10 days never feels long enough to experience a country, especially one as diverse as Vietnam. One advantage of such a short holiday is that you never let a moment go to waste. This is how my girlfriend and I approached our recent trip to Vietnam – let’s enjoy every moment.
We flew into Ho Chi Minh City which is formerly known as Saigon when it was under French colonial rule. The French and Spanish conquered Vietnam in 1859 and you see many classical Western-style buildings and French villas throughout Ho Chi Minh.
Ben Thanh Market is the perfect place to haggle for cheap clothes and enjoy some quality street food. One rule of thumb is that whatever price you first get offered you should automatically half it and if no deal is done, be prepared to walk away.
Even though prices are low, it is still a lot of fun to barter and engage with the local vendors. They tend to inflate prices by double or triple when they see that you’re a tourist. Although, at the end of the day, you don’t mind paying a little bit extra if you can share in a laugh or two.
Workshop Coffee is located in an old colonial era building close to another colonial icon: Hotel Continental. A dark stairwell leads to a top level space with high ceilings, industrial lighting, re-purposed timber and trendy interior design.
This is a favourite hang out spot for tech-savvy locals who enjoy the free Wifi and power outlets. You won’t find Vietnamese coffee here, instead you can order espresso, v60 pourover and Aeropress. L’usine is another trendy Ho Chi Minh hotspot with three different cafés located in District 1.
After overloading on caffeine, we decided to learn more about Vietnam’s history at the War Remnants Museum. The museum has been criticised internationally for lacking balance as it displays many of the war crimes committed by the United States and neglects the atrocities committed by the North Vietnamese.
Regardless of the politics of the Vietnam War, this museum was a haunting reminder of the costs of war, especially the area dedicated to the victims of Agent Orange – a powerful herbicide used by the U.S. military to eliminate forest cover and crops for Viet Cong troops.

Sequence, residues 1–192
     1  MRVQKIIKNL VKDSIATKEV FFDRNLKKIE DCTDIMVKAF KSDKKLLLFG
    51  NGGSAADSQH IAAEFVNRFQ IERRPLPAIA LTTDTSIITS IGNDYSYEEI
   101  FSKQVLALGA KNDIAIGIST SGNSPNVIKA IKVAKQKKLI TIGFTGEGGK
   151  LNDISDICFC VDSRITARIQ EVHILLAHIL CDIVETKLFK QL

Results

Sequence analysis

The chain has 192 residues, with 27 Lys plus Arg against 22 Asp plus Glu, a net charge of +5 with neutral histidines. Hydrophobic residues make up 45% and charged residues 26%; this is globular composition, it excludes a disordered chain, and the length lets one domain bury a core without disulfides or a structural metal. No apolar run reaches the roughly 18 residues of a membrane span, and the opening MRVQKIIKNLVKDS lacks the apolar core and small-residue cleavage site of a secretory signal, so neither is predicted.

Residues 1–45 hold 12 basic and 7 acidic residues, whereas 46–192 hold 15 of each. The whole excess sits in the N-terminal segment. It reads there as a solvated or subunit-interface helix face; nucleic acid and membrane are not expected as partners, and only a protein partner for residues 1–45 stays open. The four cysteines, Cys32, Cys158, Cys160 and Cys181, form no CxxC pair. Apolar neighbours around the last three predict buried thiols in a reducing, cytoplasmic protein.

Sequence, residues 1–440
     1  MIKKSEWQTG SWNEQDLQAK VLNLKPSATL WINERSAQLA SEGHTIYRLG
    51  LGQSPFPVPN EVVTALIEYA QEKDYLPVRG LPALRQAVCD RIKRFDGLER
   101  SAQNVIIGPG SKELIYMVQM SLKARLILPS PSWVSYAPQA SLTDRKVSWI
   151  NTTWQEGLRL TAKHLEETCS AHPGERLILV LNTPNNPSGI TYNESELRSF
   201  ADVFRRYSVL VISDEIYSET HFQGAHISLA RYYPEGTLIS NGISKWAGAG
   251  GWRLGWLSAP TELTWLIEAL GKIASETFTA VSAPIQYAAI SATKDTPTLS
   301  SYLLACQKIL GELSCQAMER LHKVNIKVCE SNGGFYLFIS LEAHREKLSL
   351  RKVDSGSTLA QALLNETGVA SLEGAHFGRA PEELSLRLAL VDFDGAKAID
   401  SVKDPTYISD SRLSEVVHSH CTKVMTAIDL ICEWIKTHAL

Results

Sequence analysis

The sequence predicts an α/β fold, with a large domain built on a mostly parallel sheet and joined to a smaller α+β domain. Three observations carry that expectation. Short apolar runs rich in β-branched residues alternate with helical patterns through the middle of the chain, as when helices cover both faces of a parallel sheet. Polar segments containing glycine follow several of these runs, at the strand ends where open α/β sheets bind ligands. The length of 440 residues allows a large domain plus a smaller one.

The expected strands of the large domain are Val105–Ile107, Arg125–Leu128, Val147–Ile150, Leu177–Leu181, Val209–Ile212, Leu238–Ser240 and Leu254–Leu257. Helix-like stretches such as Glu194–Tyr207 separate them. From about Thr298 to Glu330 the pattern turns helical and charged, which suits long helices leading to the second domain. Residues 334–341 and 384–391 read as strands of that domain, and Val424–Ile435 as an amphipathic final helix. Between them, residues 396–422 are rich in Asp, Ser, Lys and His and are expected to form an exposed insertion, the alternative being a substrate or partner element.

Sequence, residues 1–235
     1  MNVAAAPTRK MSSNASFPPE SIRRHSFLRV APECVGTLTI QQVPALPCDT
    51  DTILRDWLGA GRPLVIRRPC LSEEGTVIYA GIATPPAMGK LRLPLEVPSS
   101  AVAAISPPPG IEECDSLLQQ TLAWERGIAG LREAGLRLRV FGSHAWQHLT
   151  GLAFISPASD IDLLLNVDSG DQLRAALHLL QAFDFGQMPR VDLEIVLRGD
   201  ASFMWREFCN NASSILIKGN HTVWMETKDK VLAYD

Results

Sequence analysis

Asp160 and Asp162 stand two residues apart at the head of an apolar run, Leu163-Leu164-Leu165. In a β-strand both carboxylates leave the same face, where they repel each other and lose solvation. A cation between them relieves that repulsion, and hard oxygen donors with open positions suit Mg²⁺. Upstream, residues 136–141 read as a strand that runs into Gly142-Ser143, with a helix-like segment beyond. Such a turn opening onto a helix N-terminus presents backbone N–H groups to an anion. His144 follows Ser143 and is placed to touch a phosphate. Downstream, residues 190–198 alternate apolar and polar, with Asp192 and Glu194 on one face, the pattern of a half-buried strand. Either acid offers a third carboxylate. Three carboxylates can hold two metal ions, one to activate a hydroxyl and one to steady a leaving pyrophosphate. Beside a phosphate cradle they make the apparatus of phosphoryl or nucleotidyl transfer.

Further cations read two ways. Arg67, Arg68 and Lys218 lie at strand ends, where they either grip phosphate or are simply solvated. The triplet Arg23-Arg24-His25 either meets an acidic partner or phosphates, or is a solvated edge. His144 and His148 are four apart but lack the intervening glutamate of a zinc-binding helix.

It took me a while to shake off seeing a group of children at the museum who were descendants of Agent Orange victims. They all had severe disabilities ranging from crippling blindness to limb deformities. It was quite harrowing.
Nonetheless, we managed to brighten the mood by making our way to the famous Café Apartment and posed for a few Instagram pictures with the locals as the sun set over Saigon’s Nguyen Hue Walking Street.
Next Stop Da Nang and the Beautiful Hoi An
So, with that in mind, we flew to Da Nang and then took a private shuttle bus 40 minutes south to our homestay in Hoi An. The best word to describe Hoi An would be ‘magical’. We explored this romantic little Vietnamese town on scooters, bicycles and good-old fashioned walking.
The market was a great place to eat cheap Ban Mhi and Pho, and we found some amazing artisan shops in the surrounding streets selling everything from designer Vietnamese clothes to decorative lanterns. We also found an awesome brunch spot called the Cocobox café – highly recommended!